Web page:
Sixty percent of teachers, principals, and district leaders say students face consequences if they turn off cameras during class.
The strategy of reinforcing good behavior with praise is the least likely to be taught in teacher-prep programs, an analysis finds.
A recent document signals a major change in instructional theory from the Reading Workshop creator, who previously pushed back on "phonics-centric people."
The foundation wants to fund projects that reflect students' lived experiences, strengthen their math identities, and explore issues of social justice.
National Geographic Education announced a new grant program to help teachers design or adapt remote-friendly curriculum resources that use science, social studies or geography to teach about the pandemic, or about social or environmental justice.
Many teachers use the presidential debates as a teaching tool for civics, but the first Trump-Biden showdown was anything but educational.
The instructional techniques teachers normally use won't work in classes with 50, 60, or 70 students, educators say.
Experts are concerned that any progress states were beginning to make with raising teacher pay will be wiped away by the economic fallout from the coronavirus pandemic.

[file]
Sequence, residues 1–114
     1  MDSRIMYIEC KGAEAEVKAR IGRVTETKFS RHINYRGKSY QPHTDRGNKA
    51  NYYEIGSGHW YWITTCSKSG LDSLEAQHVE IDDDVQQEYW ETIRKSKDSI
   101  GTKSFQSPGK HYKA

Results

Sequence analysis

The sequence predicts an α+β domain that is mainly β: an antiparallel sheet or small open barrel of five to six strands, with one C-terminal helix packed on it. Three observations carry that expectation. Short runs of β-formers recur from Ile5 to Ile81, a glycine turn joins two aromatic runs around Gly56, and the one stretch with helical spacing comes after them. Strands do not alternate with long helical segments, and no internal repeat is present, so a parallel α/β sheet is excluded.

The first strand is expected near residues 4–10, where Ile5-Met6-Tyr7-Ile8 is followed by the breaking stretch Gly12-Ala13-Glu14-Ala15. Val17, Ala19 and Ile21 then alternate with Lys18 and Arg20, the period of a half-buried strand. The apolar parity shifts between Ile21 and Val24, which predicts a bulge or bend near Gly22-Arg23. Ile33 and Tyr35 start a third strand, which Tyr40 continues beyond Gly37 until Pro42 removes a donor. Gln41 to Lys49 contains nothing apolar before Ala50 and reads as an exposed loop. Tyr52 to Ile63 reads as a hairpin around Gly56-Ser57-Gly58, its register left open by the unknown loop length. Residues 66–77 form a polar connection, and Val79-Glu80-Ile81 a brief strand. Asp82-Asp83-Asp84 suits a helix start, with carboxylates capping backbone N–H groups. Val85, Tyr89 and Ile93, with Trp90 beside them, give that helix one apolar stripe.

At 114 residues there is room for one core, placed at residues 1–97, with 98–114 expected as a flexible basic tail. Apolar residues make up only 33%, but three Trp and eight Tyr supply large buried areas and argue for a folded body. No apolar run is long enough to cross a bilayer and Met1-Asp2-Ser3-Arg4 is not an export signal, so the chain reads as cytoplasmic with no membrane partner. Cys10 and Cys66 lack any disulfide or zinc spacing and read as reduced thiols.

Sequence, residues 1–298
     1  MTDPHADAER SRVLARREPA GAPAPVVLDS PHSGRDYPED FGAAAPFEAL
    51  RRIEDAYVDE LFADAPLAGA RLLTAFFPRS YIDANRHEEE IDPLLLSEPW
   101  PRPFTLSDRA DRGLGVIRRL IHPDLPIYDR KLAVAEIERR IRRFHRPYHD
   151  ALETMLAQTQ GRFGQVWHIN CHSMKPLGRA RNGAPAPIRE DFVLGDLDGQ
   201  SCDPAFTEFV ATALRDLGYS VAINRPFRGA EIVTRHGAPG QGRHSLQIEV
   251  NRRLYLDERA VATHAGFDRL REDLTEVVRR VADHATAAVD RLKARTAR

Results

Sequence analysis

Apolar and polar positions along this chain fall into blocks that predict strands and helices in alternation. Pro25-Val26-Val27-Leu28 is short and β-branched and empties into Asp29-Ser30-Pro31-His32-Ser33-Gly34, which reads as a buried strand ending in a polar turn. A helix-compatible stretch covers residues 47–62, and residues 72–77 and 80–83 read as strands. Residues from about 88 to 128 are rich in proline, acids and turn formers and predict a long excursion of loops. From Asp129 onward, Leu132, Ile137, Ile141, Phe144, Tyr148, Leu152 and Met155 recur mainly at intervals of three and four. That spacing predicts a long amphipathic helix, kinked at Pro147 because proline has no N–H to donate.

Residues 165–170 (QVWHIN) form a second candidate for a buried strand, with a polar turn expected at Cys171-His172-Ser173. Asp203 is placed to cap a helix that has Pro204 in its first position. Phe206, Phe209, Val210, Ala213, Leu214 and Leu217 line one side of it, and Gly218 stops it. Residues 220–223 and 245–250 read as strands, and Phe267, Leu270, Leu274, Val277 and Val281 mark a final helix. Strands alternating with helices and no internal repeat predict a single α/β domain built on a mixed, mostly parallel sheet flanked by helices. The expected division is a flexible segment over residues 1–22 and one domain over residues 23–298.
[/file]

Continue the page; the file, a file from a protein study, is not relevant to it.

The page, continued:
Spending 30 more minutes per day on social studies in elementary school is linked with better reading performance by the end of 5th grade, according to a new study.
Teachers share their advice on building strong relationships through a computer screen.
President Trump said "we're going to have to see what happens," in response to whether he would honor the results of the election. How can teachers address that in class?
A new process for judging the quality of professional development has made its debut, with the aim of answering a difficult question: Which PD is high-quality and which isn't?
Social studies and history education organizations, and many teachers, lambasted President Trump's efforts to "promote patriotic education."
Teachers and parents have a long list of health precautions they feel are essential to reopening schools, but teachers are somewhat less confident that their districts will put those measures in place.
By law, the president can't mandate or control what schools teach.
Districts all over the country have been rolling back plans to teach students in person because of the coronavirus. But now there are signs that some districts are getting more comfortable with the all-in-person approach.
Mask Fatigue and No High-Fives: Teachers Discuss the Hardest Parts of In-Person School During COVID-19
Five teachers who are back in classrooms talk about challenges they've faced under the new restrictions and ways to make socially distanced school manageable.
Third grade teacher Erin Washington has weathered hurricanes before. But on top of the ongoing coronavirus crisis over the past months, she said, this one is hard to bear.
But teachers who had supportive school leadership were the least likely to experience a dip in their sense of success.
For many teachers who are pregnant, school building reopenings have been a source of anxiety.